So the call went out to Everything But The Girl. A track called 'Little Hitler' from their 'Baby The Stars Shine Bright' album - sumptuous heartache from 1986. Produced by Mike Hedges, who also worked with the Manics on their other Sylvia tribute, 'The Girl Who Wanted To Be God'. The latter track was co-written by Richey Edwards, one of his last creations before his apparent suicide.
'Little Hitler' has an expansive, Nashville-lite arrangement and a slightly foreboding air. Tracy Thorn, with her first in English Lit, is pretty effortless in the way that she references the Sylvia Plath poem, 'Daddy' to portray a dark, domineering figure with renegade politics and heavy manners.
Dexys Midnight Runners - Jackie Wilson Said (EMI)
Palma Violets - Step Up for The Cool Cats (Rough Trade)
Depeche Mode - Heaven (Sony)
Mary Margaret O'Hara - profile
Mary Margaret O'Hara - Then Said the Captain To Be (Anti)
Ron Sexsmith - She Does My Heart Good (Cooking Vinyl)
Scream Blue Murmur - The Secret Life Of Gam Bambino (white)
Tom Waits, Keith Richards - Shenandoah (Anti)
Eels - Wonderful Glorious (E Works)
Jens Lekman - The End Of The World Is Bigger Than Love (Secretly Canadian)
Professor Longhair - Go To The Mardi Gras (Proper)
Caitlin Rose - Only A Clown (Names)
Eels - Brave Little Soldier (E Works)
Shane MacGowan, Johnny Depp - The Leaving Of Liverpool (Anti)
The Leisure Society - Fight For Everyone (Full Time Hobby)
The Five Satins - In The Still Of The Night (Standard)
Fionn Regan - 67 Blackout (Universal)
Everything But The Girl - Little Hitler (WEA)
Patrick Gardiner - He Isn't Right For You (white)
Eels - True Original (E Works)
Fats Domino - Mardi Gras In New Orleans (EMI)
Ed Harcourt - Hey Little Bruiser (CCCLX)
Yo La Tengo - Ohm (Matador)
Sinkane - Runnin (City Slang)
I was recently looking at a weekend newspaper when the image of a well-presented gentleman caught my eye. He was wearing a seersucker jacket and a crisp, complementary shirt in baby blue. His chino pants were flat-fronted and he wore a cravat with a fetching print. Nothing wrong with that, but when I looked up, I realized that the attire belonged to Nicholas Parsons (89), the voice of Just A Minute and granny-pleasing presenter of Sale Of The Century. And I then asked myself, how did I get here?
Once I looked to the punk fire-starters for my style. I wore magenta striped socks because they were endorsed by Johnny Thunders and the Heartbreakers on the cover of 'L.A.M.F'. I learnt to use my mother's sewing machine to convert my flares into drainpipes. I had a DIY screenprint operation in the garage to make my Clash T shirts. I made a 'Sid Lives' badge on the day that the Sex Pistol died, and wore it to the local youth club with unassailable cool . Now here I am, several decades along, no longer copping ideas from NME's Tony Parsons, but from his namesake Nicholas.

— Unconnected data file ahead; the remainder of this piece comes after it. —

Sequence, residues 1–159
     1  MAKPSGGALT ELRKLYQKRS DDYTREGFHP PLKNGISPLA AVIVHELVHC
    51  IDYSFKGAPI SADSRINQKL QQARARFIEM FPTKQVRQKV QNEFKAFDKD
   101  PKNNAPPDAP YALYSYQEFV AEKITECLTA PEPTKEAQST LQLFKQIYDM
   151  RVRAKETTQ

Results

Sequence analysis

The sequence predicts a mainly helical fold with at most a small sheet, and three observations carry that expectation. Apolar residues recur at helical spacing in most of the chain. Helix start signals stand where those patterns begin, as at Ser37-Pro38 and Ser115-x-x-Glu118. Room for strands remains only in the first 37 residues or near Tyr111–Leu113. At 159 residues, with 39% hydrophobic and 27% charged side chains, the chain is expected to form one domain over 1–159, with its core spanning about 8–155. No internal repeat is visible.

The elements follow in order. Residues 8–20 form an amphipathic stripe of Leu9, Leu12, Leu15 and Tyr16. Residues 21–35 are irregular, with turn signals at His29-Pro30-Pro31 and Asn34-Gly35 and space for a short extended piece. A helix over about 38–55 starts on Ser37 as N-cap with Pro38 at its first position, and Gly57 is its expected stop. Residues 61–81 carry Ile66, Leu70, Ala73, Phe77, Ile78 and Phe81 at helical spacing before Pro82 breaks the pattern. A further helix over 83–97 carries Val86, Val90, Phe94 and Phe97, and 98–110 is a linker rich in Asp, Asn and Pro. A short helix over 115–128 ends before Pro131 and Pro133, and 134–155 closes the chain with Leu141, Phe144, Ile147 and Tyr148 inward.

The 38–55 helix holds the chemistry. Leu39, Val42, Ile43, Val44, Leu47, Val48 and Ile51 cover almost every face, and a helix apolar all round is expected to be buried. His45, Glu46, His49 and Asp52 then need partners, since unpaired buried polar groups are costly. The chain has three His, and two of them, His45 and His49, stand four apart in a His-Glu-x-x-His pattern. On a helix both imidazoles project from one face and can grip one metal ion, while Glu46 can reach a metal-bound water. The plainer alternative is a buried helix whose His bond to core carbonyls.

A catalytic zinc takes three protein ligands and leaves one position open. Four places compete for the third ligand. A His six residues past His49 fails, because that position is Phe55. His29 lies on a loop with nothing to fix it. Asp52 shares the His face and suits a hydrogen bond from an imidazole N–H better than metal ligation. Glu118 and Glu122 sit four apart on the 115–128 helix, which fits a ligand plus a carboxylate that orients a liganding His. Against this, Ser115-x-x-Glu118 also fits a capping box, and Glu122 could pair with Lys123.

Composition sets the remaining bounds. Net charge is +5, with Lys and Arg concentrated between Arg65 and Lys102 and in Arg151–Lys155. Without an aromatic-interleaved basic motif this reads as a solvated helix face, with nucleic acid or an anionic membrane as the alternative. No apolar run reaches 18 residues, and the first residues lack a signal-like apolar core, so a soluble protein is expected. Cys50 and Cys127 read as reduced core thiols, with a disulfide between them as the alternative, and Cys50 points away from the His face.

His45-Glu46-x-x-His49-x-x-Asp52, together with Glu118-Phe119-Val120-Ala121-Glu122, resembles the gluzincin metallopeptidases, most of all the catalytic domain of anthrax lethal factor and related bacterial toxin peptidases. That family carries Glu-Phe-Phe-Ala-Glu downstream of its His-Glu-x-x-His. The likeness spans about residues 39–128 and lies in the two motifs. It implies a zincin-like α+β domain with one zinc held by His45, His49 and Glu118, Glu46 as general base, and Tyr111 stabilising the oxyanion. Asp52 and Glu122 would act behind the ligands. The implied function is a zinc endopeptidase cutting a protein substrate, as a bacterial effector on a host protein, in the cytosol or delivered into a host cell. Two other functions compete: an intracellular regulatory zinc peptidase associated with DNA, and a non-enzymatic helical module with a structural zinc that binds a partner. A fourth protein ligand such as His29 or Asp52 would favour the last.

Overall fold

Still, it's hard to resist an attractive bit of neckwear. The gold standard for rock and roll has been the Tootal scarf, maintained by Paul Weller, Liam Gallagher, Steve Marriott and inevitably, Robbie Williams. The brand goes back to the nineteenth century and was a dapper accessory with the RAF before mod culture appropriated the look. The cravat actually goes back to Croatian mercenaries in the seventeenth century, impressing Parisian royalty and then the court of Charles II. According to the new issue of GQ, the cravat is "your neck's best thing" and are recommending a Louis Vuitton number for £220.
The likes of Peckham Rye and Nicholson And Walcot are servicing a more discerning clientele, including Martin Freeman, a hobbit with panache. Alternately, you can prevail with vintage versions from Tootal and Sammy, manufactured in Rayon and Viscose ("wash as silk"), in patterns of paisley, geometric and ersatz oriental. Good enough for Nicholas, and acceptable for necks in the city.
What's not to like about 'Werewolves of London'? Recorded by Warren Zevon in Los Angeles, 1977. Produced by Jackson Browne with the Fleetwood Mac rhythm section sustaining the groove. A purely playful song, written in response to Phil Everly, a fan of the 1930 horror film who requested a dance song with the same title. Once a few absurd ideas and the chord progression were put together at LeRoy Marinell's house in Venice, California, the lyrics tumbled out. Abetted by guitarist Waddy Wachtel, it's the sound of rolling delight, musicians at their best, howling on the chorus. Kid Rock couldn't resist its charm it for 'All Summer Long' and neither could Dexys Midnight Runners, with 'One Of Those Things'. A design classic.
The Byrds - Have You Seen Her Face (CBS)
Christopher Owens - Here We Go Again (Turnstile)
Pulp - After You (Rough Trade)
Harper Simon - Bonnie Brae PIAS)
Yeahsayer - Second Hand News (Secretly Canadian)
Daughter - Still (4ad)
Warren Zevon - Werewolves Of London (Rhino)
Balthazar - The Oldest Of Sisters (PIAS)
Jarrod Dickenson - Ain't Waiting Any Longer (white)
Youth Lagoon - Dropla (Fat Possum)
Django Django - WOR (Because)
David Bowie - Fame (EMI)
Lord Huron - Lonesome Dreams (PIAS)
Rosie Carney - You Will Smile Again (session track)
Dale Watson - Wine, Wine, Wine (Retro World)
Mogwai - What Are They Doing In Heaven Tonight (Rough Trade)
My Bloody Valentine - New You (white)
Bill Fay - Be Not So Fearful (Esoteric)
Rosie Carney - My Old Guitar (session track)
The XX - Sunset (XL)
MMoths - All These Things (SQE)
My Bloody Valentine - She Found Now (white)
Richard III was punk rock. We know this because Johnny Rotten formulated his twisted stage persona in response to the 1955 film in which Laurence Olivier played the malodorous monarch. Johnny mentions this in his autobiography, 'No Irish, No Blacks, No Dogs' and clips of the film were spliced into the Sex Pistols film, The Filth And The Fury.
After Glen Matlock left the Sex Pistols, the bassist formed the Rich Kids with Midge Ure. Their third single was 'Ghosts Of Princes In Towers', another reference to Richard and the Plantagenet story. Richard has been cited by Morrissey while the Manic Street Preachers referred to "the winter of my discontent" in 'Love Letter To The Future'. Even Van Morrison delivered a passing reference to the line in 'Sense Of Wonder'.
Meantime in 1997 Supergrass had formulated a moody song for their second album, 'In It For The Money'. As was their habit, they gave the track a working title, reflecting the the billowing tone. 'Richard III' it was, and title stuck. Fortunately for us, really.